Ukraine calls for complete Russian embargo
Meanwhile, Ukrainian Finance Minister Serhiy Marchenko called on May 6 for a complete international embargo on Russian oil and gas over Moscow’s invasion of Ukraine.
Marchenko told an online briefing that Ukraine was struggling to balance its budget after 10 weeks of war and said that, as finance minister, he could not be satisfied with the speed at which financial assistance was arriving from abroad.
Referring to what he called the “insufficiency of the sanctions that have been introduced,” he said the high price of oil and natural gas meant Moscow had a budget surplus and “they feel quite comfortable.”
“The main issue is a complete embargo on the purchase of gas and oil from the Russian Federation. This is something that needs to be worked on and that the Ukrainian authorities are actively working on,” he said. “This will make it possible to remove the possibility of financing the war.”
(With inputs from Reuters)
RIYADH: Chicago corn and soybean futures slid on Friday as rising interest rates and currency pressures weighed on US exports and forecasts of warm, dry weather opened a window for Midwestern farmers to get their crops planted.
Meanwhile, Chicago wheat futures rose on technical buying and tight world supplies.

The most-active wheat contract on the Chicago Board of Trade settled the day up 2 cents, at $11.08-1/2 a bushel, and posted a weekly gain of 4.99 percent.

Soybeans and corn ended the week lower and extended weekly losses.

The CBOT’s most active soybean contract slid 25 cents to $16.22 a bushel, while the most-active CBOT corn settled down 12-3/4 cents at $7.84-3/4 a bushel.
Gold prices steady
Gold prices were on track for a third straight weekly decline on Friday as investors fretted over the prospects of aggressive rate hikes from the US Federal Reserve, though a slight pullback in the dollar helped the precious metal to tick higher on Friday. 
Spot gold rose 0.3 percent to $1,88.80 per ounce but was down 0.7 percent for the week. US gold futures were up 0.4 percent at $1,883.81.
Silver fell 0.08 percent to $22.37 per ounce, while platinum is priced at $962.24. 
Palladium is currently priced at $2,051.92. 
Malaysia aims to regain palm oil market share in EU amid global shortage
Malaysia, the world’s second-largest palm oil producer, on Friday said it plans to leverage the global edible oil shortage and “political tension in Europe” to regain market share after buyers shunned the commodity over environmental concerns.
Palm oil is used to make everything from lipstick to noodles, but top producers Indonesia and Malaysia have faced boycotts after being accused of clearing rainforests and exploiting migrant workers for the rapid expansion of plantations.
Some companies have introduced “palm oil-free products” in recent years, and the EU, the world’s third-biggest palm buyer, has ruled to phase out palm oil-based biofuels by 2030.
But retailers like British supermarket chain Iceland, which removed palm oil from its own-brand food starting in 2018, have been forced to return to the controversial commodity in recent months due to a global edible oil shortage triggered by the Russia-Ukraine war and Indonesia’s ban on palm oil exports.
Zuraida Kamaruddin, Malaysian Minister for Plantation Industries and Commodities, said in a statement the government “will not want to waste a good crisis.”
“It is time we step up efforts to counter adverse propaganda to undermine palm oil’s credibility and for us to showcase the numerous health benefits the golden oil has to offer,” she said.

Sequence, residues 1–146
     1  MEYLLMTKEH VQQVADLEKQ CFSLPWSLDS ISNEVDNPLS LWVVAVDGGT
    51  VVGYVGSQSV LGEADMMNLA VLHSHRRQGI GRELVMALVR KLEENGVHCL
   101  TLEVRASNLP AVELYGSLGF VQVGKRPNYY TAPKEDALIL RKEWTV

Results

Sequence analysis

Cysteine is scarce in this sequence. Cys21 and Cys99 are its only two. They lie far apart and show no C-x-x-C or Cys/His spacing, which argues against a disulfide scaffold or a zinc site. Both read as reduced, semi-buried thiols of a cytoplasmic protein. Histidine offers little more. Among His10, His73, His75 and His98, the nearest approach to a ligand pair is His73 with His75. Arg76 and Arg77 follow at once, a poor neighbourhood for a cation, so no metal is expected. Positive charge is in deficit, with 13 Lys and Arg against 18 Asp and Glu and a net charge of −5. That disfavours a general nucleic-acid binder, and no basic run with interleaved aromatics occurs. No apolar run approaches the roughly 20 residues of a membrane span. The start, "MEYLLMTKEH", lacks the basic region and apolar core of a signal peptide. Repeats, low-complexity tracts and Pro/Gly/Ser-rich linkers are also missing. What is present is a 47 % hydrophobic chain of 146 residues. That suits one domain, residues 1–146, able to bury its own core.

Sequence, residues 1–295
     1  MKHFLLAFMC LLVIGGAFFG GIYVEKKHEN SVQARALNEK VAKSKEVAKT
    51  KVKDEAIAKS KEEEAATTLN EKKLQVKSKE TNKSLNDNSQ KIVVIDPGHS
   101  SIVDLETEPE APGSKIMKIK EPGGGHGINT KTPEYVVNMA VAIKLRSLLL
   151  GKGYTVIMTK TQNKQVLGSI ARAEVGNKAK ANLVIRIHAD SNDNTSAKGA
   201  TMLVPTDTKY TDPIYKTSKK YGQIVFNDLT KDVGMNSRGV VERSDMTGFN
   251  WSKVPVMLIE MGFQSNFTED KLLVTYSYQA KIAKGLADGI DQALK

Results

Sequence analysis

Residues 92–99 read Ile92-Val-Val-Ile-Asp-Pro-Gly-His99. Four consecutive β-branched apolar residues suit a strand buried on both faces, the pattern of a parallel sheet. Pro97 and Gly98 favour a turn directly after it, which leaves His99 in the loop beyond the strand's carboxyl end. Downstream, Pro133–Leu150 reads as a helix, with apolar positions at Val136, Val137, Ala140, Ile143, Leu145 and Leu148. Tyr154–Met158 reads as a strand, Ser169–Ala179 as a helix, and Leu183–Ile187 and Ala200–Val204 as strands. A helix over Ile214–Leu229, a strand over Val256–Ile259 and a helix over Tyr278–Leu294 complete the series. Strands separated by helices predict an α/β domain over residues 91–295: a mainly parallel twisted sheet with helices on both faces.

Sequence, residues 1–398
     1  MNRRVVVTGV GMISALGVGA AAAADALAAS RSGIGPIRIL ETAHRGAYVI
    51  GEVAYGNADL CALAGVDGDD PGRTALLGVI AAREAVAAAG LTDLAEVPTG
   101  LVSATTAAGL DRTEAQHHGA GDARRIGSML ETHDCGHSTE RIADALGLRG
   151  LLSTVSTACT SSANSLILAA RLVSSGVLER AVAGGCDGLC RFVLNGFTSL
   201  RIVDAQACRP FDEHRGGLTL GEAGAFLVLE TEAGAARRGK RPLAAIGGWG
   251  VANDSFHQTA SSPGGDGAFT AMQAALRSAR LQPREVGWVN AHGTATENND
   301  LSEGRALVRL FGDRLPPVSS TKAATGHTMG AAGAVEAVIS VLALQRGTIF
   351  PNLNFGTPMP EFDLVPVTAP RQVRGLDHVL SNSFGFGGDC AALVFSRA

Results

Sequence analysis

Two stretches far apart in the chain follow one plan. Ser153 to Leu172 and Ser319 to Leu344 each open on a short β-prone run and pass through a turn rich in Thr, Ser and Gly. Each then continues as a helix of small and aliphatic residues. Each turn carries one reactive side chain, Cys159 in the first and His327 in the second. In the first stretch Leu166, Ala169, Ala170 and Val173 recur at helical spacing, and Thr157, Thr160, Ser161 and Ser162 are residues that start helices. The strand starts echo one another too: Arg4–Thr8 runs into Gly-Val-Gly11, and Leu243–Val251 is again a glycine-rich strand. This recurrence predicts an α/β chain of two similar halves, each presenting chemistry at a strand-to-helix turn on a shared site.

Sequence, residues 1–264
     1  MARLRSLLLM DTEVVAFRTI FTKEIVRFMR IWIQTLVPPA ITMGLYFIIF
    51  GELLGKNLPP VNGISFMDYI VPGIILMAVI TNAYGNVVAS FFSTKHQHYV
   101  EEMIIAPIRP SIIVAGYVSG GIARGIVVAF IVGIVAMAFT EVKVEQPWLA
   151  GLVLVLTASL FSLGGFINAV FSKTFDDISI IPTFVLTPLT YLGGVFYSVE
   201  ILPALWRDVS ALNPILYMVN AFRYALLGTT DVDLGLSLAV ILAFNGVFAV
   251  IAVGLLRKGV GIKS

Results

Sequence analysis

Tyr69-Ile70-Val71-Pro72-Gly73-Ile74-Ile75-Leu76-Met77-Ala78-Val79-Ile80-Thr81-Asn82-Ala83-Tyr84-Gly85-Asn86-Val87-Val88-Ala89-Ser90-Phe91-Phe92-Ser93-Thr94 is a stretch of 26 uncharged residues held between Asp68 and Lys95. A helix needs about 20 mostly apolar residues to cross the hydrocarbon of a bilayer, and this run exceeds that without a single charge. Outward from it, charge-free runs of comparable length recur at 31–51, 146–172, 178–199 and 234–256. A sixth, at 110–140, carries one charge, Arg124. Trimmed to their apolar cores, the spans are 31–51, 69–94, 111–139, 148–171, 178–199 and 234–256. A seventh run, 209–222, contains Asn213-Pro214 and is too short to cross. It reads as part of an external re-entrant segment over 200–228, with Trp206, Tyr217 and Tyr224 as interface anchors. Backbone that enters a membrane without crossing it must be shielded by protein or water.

Zuraida said global edible oil prices are likely to remain high in the first half of 2022 and EU demand is expected to increase in the near term due to tight sunflower and soy oil supplies.
(With input from Reuters) 
RIYADH: Saudi Arabia’s stock exchange has claimed the top spot among peers in the Gulf Cooperation Council, with the highest year-to-date gain of 21.7 percent, a recent report by Kamco Invest revealed.
Backed by a rally in the oil market, the Kingdom saw its major players, especially banks, posting higher first-quarter earnings which led to stock market wins.  
Abu Dhabi and Kuwait came next, rising 18.8 and 18.75 percent, respectively, according to the latest monthly report.
It revealed that the MSCI GCC Index, which captures the performance of indexes across the region, went up by 3.3 percent in April, thanks to strong quarterly earnings.
Dubai was the region’s highest gainer, registering a monthly gain of 5.5 percent, followed by Saudi Arabia, Kuwait, Abu Dhabi and Qatar, all up between 0.4 and 4.9 percent.
The Omani and Bahraini bourses recorded declines of 1.1 and 0.8 percent, respectively.
RIYADH: After facing chaos during the peak season due to flight delays and mishandled luggage, the board of directors of Jeddah Airports Co. has appointed Ayman Aboabah as acting CEO of Jeddah’s King Abdulaziz International Airport. 
Aboabah will replace Ryyan Tarabzoni, according to a statement. 
The decision from Jeddah Airports Co. came after the Saudi minister of Transport Saleh Al-Jasser ordered an emergency probe to investigate the chaotic scenes at the airport. 
Aboabah has 28 years of experience, where he had held several leadership positions including the vice president for operations at Riyadh Airports Co. 
RIYADH: Saudi Arabia’s utility provider ACWA Power Co. has been selected as the preferred bidder to develop two solar projects in Indonesia.
The projects will be located in Sumatera and Java and will serve state-owned Indonesian electricity firm Perusahaan Listrik Negara, according to a bourse filing.
ACWA Power will connect with the relevant stakeholders to move forward with the deals, noting that the financial impact cannot be determined at this stage, it said in the statement.